21

There are actually two things worth considering with metal in microwaves. The big danger is arcing and that happens with pointy things like forks and apparently grapes. It's also worth considering, being in a plastic box, there was nowhere for the spark to jump to. With a fork there's a small enough spark gap for current to jump. With a spoon, there is not. ...


21

In 2017 researchers from Charles M. Salter Associates in San Francisco looked into the exploding microwaved eggs. They'd been hired to offer testimony in litigation of a case where a consumer claimed an exploding egg had damaged his hearing, so their focus was on how loud the eggs were, but they also offered a possible explanation as for the reason of the ...


20

Whenever something gets hot in a microwave, it indicates the presence of water. If something that used to stay cool suddenly heats up, you have water present where previously there was none. I assume you are using a glazed ceramic mug or jar, not one made of glass. Your glazing must have tiny cracks in it, that allow water to reach the clay underneath and ...


19

The "instant" sponge cake, innovated at El Bulli, can only be made in a microwave. Here is an example. Basically, a batter is poured into a whipping siphon. It is charged. The aerated batter is dispensed into paper cups. The cake is cooked in a microwave. The cups are removed and inverted. The cake is released. It is easy and fun to do.


17

The spark was a voltage jumping over a gap somewhere. This may occur again, but so long as the magnetron survives, you should be okay. The problem with sparks is they can leave a carbon trail deep inside which is conductive and may actually make the next spark occur at a slightly lower voltage. If this happens enough, you will eventually (or shortly) damage ...


15

It is impossible to convert Microwaves into Celsius or Fahrenheit. Temperature(Celsius): Temperature is a measure of the average translational kinetic energy of the molecules of a system. Heat is commonly expressed in either of two units: the calorie, an older metric unit, and the British thermal unit (Btu), an English unit commonly used in the United ...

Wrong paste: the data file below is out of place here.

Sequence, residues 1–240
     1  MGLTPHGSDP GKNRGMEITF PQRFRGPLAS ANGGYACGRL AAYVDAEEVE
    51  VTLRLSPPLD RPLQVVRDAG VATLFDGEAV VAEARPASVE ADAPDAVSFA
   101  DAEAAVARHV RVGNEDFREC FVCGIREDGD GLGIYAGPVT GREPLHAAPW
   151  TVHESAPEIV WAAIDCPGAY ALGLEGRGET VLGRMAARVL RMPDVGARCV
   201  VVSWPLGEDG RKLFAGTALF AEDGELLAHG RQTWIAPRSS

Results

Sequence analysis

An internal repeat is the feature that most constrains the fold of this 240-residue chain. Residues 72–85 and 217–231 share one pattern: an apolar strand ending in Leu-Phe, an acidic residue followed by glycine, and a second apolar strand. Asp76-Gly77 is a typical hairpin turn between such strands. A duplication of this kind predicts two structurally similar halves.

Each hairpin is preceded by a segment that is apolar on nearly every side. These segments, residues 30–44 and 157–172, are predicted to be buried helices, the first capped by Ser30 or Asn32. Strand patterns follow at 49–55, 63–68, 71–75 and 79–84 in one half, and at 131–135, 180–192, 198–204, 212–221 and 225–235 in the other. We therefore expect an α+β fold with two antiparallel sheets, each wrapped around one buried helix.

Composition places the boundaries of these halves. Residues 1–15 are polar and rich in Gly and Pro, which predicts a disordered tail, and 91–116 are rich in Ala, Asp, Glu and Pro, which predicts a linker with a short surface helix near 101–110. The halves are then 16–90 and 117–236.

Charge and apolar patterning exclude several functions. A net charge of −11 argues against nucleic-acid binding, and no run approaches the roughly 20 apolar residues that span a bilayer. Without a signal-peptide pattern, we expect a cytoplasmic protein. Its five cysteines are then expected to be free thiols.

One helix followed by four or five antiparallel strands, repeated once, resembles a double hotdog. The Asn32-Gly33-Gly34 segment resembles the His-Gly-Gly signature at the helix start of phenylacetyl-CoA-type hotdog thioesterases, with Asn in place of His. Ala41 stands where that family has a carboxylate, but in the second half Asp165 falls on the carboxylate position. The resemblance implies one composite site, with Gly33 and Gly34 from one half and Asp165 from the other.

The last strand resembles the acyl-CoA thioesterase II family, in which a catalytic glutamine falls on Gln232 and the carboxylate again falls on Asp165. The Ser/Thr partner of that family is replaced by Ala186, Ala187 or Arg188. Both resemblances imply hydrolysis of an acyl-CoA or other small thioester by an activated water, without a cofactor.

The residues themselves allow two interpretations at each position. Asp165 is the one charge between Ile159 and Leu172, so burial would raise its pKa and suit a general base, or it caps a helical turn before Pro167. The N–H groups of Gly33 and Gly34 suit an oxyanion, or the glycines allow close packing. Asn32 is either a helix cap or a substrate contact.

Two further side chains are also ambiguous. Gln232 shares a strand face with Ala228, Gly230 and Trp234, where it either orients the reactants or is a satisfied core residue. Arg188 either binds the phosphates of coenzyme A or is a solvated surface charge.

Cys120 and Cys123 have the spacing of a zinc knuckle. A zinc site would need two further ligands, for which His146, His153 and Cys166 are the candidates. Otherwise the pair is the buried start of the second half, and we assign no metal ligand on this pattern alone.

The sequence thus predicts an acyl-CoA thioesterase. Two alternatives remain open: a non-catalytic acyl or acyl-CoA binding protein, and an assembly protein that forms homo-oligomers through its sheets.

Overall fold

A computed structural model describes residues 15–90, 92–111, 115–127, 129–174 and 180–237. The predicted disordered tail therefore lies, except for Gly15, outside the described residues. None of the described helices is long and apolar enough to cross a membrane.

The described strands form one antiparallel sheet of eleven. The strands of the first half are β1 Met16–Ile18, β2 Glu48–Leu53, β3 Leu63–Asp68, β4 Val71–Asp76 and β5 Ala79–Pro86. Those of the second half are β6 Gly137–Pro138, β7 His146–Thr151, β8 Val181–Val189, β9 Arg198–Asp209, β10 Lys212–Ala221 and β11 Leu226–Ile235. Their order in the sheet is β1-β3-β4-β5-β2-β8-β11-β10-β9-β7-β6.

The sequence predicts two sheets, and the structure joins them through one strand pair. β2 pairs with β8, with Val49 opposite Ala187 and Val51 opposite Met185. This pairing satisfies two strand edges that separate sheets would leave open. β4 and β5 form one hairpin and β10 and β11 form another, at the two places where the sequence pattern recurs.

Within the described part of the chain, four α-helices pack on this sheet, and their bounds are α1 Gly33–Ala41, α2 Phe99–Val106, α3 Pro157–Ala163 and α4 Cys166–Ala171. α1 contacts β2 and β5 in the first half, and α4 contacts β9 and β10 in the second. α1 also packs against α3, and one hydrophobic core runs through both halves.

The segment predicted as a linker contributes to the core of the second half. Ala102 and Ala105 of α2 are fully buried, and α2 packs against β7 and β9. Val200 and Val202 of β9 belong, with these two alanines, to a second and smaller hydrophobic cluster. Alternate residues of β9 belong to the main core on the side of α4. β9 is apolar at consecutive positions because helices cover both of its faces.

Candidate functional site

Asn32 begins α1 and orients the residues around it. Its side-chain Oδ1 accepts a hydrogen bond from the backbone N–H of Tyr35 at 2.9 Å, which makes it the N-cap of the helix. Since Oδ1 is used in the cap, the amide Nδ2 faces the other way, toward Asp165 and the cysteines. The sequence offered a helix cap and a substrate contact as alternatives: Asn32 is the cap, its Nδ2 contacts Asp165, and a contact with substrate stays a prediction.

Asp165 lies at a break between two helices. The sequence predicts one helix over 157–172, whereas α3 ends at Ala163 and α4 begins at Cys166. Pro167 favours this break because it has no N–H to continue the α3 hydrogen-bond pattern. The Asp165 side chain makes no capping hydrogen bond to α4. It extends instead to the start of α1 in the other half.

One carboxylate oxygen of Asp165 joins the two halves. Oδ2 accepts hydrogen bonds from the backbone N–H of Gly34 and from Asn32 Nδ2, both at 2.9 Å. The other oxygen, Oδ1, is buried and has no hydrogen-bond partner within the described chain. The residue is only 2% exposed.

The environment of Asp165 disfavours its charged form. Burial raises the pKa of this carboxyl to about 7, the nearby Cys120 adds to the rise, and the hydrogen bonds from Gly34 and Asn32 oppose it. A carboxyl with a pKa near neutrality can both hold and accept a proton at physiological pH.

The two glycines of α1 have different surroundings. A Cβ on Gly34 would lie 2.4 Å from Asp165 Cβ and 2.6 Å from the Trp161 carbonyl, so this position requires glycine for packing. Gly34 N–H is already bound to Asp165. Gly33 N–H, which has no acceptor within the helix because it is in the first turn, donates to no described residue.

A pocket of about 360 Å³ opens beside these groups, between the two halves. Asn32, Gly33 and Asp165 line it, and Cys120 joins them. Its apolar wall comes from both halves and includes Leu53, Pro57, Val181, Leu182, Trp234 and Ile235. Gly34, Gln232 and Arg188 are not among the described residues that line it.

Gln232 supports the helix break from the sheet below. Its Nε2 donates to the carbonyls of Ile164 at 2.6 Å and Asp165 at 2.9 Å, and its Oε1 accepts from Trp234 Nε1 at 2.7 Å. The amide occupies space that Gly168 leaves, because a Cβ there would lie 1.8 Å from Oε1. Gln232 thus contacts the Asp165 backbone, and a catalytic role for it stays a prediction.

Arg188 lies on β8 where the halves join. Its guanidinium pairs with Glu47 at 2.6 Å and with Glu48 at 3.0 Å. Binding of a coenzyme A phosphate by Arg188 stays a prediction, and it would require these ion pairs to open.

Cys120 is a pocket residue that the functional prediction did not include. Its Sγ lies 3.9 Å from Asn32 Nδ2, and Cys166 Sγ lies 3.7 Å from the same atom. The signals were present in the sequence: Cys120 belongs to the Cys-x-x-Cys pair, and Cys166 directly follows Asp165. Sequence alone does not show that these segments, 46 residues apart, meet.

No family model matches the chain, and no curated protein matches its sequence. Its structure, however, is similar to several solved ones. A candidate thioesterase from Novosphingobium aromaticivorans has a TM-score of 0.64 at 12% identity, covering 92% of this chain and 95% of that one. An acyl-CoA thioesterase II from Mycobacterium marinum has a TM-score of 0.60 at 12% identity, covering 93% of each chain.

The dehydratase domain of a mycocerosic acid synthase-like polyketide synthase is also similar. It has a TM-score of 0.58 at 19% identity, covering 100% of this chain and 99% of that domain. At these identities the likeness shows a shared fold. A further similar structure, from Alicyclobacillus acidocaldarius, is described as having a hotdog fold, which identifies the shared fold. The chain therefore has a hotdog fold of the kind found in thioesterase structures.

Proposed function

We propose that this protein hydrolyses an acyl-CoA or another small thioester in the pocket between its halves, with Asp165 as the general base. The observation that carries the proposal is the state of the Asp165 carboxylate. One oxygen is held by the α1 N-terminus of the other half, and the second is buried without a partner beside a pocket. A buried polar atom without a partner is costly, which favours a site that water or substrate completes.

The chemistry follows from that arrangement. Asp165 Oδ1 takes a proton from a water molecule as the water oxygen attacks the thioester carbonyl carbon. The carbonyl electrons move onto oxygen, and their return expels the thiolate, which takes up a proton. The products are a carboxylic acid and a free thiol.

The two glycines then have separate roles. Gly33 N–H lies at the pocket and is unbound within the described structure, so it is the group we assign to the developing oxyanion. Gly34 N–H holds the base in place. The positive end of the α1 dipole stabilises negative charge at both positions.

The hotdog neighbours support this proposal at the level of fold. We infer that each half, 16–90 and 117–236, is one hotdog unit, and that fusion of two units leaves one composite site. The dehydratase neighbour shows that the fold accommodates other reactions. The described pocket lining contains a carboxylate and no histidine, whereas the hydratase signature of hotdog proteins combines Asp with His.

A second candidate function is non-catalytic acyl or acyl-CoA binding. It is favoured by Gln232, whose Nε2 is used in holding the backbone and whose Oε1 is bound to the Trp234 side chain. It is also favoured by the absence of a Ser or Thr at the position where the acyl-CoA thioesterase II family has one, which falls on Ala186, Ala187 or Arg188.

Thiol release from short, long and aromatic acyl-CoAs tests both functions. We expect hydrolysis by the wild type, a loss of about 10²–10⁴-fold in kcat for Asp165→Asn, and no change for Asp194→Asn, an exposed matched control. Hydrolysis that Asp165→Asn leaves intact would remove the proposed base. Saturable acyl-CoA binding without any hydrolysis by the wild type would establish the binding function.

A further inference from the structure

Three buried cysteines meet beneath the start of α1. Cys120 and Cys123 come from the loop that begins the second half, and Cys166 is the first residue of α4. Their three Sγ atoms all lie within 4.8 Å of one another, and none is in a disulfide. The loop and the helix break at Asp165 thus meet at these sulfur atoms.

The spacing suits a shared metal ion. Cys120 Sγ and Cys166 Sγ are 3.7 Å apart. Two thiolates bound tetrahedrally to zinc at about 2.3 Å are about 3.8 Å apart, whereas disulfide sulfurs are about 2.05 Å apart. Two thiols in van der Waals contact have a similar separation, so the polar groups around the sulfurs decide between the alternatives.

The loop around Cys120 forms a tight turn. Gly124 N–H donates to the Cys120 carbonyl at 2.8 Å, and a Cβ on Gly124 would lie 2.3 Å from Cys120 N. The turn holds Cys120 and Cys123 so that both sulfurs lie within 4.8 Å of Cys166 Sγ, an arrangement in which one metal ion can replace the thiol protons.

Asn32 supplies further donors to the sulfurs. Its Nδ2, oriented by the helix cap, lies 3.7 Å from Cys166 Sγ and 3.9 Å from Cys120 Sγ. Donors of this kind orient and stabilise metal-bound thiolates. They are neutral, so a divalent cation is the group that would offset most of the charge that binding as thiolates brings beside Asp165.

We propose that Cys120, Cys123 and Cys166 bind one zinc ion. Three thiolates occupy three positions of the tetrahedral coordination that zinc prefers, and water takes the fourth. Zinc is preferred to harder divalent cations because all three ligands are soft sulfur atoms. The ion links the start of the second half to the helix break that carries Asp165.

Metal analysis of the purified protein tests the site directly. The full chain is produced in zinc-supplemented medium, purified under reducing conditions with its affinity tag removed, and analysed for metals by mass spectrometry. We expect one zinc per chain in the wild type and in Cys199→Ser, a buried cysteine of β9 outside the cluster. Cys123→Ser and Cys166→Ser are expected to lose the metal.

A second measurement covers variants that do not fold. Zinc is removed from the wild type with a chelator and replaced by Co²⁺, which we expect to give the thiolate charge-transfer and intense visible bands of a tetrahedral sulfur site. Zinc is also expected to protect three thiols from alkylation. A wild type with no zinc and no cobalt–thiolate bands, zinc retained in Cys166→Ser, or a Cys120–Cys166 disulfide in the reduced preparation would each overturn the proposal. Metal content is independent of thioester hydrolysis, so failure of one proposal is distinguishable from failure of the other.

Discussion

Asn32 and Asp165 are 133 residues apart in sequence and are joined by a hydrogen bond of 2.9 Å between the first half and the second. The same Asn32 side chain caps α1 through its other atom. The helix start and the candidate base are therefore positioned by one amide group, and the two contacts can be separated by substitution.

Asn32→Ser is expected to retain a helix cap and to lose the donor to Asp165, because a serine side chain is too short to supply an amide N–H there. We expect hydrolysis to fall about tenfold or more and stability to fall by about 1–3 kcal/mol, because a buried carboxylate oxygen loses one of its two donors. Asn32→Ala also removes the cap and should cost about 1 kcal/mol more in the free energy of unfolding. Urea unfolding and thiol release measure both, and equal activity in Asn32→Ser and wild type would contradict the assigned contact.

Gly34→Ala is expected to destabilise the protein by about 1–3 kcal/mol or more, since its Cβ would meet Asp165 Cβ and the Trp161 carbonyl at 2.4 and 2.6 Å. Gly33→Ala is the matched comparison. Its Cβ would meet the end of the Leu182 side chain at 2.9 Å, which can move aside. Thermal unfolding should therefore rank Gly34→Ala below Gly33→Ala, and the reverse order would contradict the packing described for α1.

15

First off, the terminology issue. So, can someone please clear up this fog? What's the difference between Microwave and Oven and Microwave Oven? "Microwave" is just short for "microwave oven". Both terms mean the same thing: an appliance that uses microwave radiation to heat food. Cooking food in this way is called "microwaving". An oven, on the other ...


15

Your microwave isn't exactly cooking your food from the inside out. Instead, what is happening is that some parts of your food that happen to be on the interior are being heated faster than those parts of the exterior that you observe. This sort of uneven heating is intrinsic with how microwaves work. Microwave ovens cook unevenly because a pattern of ...


14

Joe is essentially right. Bubbles form in a liquid at what are called nucleation sites - small irregularies in the container or in the liquid itself. If you look at the bottom of some beer glasses, there are little nodules (often in the shape of the brewer's logo) that nucleate bubbles of the CO2 that's dissolved in the beer. Much the same occurs with ...


13

A simple undamaged raw egg in a microwave at full power will explode. Unless you have a deep desire to thoroughly scrub your microwave I can not recommend that approach. The problem is that the egg will be heated to more than 100C, that means the water will start to vaporize and steam has the nasty habit of needing way more room than liquid, and you get a ...


12

Consider the humble supermarket pita. The kind with the ridiculously long shelf life. Straight from the packet, it's pretty miserable. It's chewy - not in a good way. It tastes of cardboard. Toast it however, and it comes to life. The slight browning of the outside improves the flavour. The steaming of the inside softens the bread inside. I'll bet the ...


12

Here is a list of common plastics found in kitchen containers. You will find this information on the bottom of the container, in a triangle with a number inside. While some plastics used in microwavable applications appear to have a high melting point, PET for instance melts at 510ºF, please remember that the material will soften, weaken and otherwise ...


12

At least for smallish and thin objects, microwaves heat foods “everywhere and throughout at the same time” (for lack of a better description). Exactly what isn’t desired for a steak, as discussed in the Q/A that inspired your question. To achieve similar results of heat distribution with other methods, you either stir the food (for cooking in a pot) ...


12

It's totally normal to smell the food in a microwave as they aren't meant to be sealed. Microwaves have fans to circulate the air and keep the electronics cool, so they will circulate aromas.


11

The directions are in fact asking you to place a bowl of water in the Microwave Oven and run it for 10mins. The reason is, it allows things to "break-in" and assures that you don't have any direct issues with the device and that all nasty solvents are given proper time to "burn off." This is so you don't end up with nasty plastic smells and flavors in your ...